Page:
NELSON Family of Olean. p. 915
Alexander W. Nelson was born in Dunbar, Scotland, Feb. 14, 1852. His parents, Walter and Elizabeth (Watt) Nelson, immigrated to America in 1857 and settled in Lockport, N. Y. He was a farmer until he was eighteen, when he became a railroad employee and a conductor at the age of twenty, which he continued until 1889, when he settled in Clean, where he has since been proprietor of and conducted a steam laundry. In 1880 he married Clara Stevens, of Lockport, who died in 1886, being the mother of two children, of whom Clara W. is living. In 1888 he married Jennie M. Williams, of Jackson, Mich.
OAKLEAF Family of Olean. p. 915
Frank H. Oakleaf was born in 1852 in Brooklyn, where his early life was spent, removing finally to Titusville, Pa., where he learned the jeweler’s trade. Coming to Olean in 1874 he was for a number of years engaged in the jewelry business with Fred R. Eaton, and subsequently became connected with the book and stationery trade, which he still follows, having added to it a line of wall papers and house decorating goods. Mr. Oakleaf is a member of the Board of Trade. In 1882 he married Jennie V. Bickford, of Nashua, N. H.
OOSTERHOUDT Family of Olean.p. 915
Samuel Oosterhoudt, son of Zachariah and Polly (Reed) Oosterhoudt, was born in Franklinville, March 28, 1813, and received his literary education in the common schools. The family removed to Olean in 1817, where Mr. Oosterhoudt learned the blacksmith’s trade. When about twenty-three he opened a shop in Olean and used the first money he earned to obtain a deed for his father and mother of the homestead farm. Dec. 20, 1838, he married Mary, daughter of Samuel Bronson and granddaughter of Cornelius Brooks. Mr. Oosterhoudt died Nov. 12, 1884; Mrs. Oosterhoudt died June 16, 1890. He followed his trade four years, when he changed to manufacturing and dealing in lumber, which grew to an immense business and required a small army of men. He began a systematic course of building, erecting business blocks and residences, being the pioneer in that direction and probably doing more than any other in building up Olean. He was a financier of more than ordinary ability and was a successful business man. He was a Republican and served as sheriff, supervisor. town auditor, and assessor. He possessed a harmonious character and was distinguished for his sterling integrity, his honorable dealing, and the modesty with which he bestowed a bountiful charity. He was especially the advisor and friend of young men and set many on the road to prosperity. Children: two who died in infancy; Mary Alice (Mrs. H. G. Allen), born May 23, 1845; Samuel Francis, born Dec. 12, 1847; and Eva Elizabeth, born Nov. 15, 1852, married J. B. Smith, a druggist, and has one son, Samuel E., born Sept. 24, 1879. All reside in Olean.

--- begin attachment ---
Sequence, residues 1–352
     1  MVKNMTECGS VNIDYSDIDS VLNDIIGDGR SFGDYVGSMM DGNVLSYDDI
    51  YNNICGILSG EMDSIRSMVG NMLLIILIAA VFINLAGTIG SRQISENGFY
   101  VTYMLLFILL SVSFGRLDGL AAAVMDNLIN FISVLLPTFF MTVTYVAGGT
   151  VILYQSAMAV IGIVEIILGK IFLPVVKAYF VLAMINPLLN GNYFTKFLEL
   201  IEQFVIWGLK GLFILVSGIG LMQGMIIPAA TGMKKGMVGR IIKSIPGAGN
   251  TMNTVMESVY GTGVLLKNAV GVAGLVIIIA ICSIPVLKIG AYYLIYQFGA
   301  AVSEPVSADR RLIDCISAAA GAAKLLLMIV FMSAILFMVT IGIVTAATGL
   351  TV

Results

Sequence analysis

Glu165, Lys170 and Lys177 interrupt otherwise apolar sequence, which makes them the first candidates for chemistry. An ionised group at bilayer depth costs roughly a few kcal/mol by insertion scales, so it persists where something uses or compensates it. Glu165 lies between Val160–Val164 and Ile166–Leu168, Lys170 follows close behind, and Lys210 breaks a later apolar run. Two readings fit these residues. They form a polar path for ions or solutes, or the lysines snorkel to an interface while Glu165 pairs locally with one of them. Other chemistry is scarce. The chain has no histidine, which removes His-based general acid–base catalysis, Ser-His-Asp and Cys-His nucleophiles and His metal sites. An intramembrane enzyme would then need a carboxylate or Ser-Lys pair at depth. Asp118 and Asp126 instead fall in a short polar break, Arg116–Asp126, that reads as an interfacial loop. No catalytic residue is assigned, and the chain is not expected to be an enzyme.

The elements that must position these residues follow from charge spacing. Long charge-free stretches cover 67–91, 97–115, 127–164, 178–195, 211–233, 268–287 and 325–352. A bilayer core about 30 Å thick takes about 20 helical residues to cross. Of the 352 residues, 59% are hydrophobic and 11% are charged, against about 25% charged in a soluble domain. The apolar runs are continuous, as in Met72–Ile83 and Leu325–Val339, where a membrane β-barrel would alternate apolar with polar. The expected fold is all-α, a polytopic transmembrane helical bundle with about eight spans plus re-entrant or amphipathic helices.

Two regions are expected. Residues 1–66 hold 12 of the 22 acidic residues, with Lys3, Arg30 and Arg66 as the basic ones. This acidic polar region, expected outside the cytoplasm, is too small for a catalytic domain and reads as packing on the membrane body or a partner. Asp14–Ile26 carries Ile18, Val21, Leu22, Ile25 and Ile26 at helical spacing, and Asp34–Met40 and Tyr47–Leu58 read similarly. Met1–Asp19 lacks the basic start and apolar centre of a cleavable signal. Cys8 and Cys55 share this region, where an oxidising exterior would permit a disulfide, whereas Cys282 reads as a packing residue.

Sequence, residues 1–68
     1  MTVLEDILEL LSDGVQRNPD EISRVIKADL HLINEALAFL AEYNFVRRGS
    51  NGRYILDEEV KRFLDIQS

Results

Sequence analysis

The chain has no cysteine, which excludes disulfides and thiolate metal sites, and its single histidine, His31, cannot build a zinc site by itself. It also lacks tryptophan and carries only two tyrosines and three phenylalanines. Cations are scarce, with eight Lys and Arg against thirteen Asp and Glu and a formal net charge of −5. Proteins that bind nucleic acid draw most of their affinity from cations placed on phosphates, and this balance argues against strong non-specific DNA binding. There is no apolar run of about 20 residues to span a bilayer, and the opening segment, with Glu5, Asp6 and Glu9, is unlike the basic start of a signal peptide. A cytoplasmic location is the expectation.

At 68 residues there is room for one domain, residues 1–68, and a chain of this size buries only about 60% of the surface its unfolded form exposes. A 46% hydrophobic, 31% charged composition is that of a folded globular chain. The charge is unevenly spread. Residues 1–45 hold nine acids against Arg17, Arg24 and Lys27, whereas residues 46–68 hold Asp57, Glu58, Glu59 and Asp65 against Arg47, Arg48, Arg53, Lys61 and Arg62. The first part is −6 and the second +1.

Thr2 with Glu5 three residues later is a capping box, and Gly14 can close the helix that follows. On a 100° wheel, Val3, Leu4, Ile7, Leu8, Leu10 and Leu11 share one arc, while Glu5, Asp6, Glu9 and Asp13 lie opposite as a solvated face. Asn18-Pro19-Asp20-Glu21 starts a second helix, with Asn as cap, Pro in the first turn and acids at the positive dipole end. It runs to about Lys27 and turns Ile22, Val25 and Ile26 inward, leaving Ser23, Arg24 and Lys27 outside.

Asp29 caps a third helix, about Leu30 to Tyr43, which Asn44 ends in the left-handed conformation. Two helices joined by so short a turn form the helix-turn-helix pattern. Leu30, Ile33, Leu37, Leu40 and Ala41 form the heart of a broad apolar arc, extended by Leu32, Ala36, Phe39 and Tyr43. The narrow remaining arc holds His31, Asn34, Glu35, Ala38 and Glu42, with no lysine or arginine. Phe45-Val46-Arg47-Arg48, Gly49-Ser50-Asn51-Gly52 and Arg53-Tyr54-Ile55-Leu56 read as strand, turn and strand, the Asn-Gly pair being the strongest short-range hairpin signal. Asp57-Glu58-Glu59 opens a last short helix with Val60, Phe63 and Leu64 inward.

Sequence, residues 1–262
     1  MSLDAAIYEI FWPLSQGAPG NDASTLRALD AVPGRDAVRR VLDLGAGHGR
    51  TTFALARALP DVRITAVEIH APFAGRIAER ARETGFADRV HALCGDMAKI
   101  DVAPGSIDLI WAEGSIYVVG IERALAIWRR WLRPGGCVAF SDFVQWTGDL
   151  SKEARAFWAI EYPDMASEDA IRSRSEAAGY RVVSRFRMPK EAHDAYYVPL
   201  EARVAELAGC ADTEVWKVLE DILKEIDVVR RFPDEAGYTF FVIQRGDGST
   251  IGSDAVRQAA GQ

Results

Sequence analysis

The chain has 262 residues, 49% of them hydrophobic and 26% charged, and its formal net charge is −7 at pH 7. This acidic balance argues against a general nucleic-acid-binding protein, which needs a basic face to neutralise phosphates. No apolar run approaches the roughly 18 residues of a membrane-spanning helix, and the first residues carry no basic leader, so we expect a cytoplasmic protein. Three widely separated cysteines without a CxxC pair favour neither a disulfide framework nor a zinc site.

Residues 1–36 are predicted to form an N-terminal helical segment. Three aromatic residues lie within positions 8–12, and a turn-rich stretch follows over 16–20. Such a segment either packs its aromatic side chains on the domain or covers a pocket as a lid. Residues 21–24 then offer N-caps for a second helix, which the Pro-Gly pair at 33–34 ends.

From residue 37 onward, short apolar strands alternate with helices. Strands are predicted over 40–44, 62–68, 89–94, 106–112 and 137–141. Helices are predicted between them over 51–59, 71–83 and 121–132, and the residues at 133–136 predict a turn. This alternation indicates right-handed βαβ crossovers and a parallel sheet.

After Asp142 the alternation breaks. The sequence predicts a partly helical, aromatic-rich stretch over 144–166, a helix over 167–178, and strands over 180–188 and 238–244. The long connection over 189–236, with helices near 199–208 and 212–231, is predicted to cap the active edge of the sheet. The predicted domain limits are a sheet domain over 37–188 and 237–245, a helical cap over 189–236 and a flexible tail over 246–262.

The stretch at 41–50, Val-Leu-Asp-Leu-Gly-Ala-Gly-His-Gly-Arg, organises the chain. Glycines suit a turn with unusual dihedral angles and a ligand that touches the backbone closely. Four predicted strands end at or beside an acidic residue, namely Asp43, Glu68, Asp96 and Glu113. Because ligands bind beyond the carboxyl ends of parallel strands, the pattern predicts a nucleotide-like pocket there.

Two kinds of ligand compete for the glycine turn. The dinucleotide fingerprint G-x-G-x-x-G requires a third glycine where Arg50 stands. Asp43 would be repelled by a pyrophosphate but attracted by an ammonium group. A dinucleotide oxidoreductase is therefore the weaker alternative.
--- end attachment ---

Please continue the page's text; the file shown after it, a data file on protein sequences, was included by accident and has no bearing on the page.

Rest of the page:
OVERTON Family of Olean.p. 915 – 916.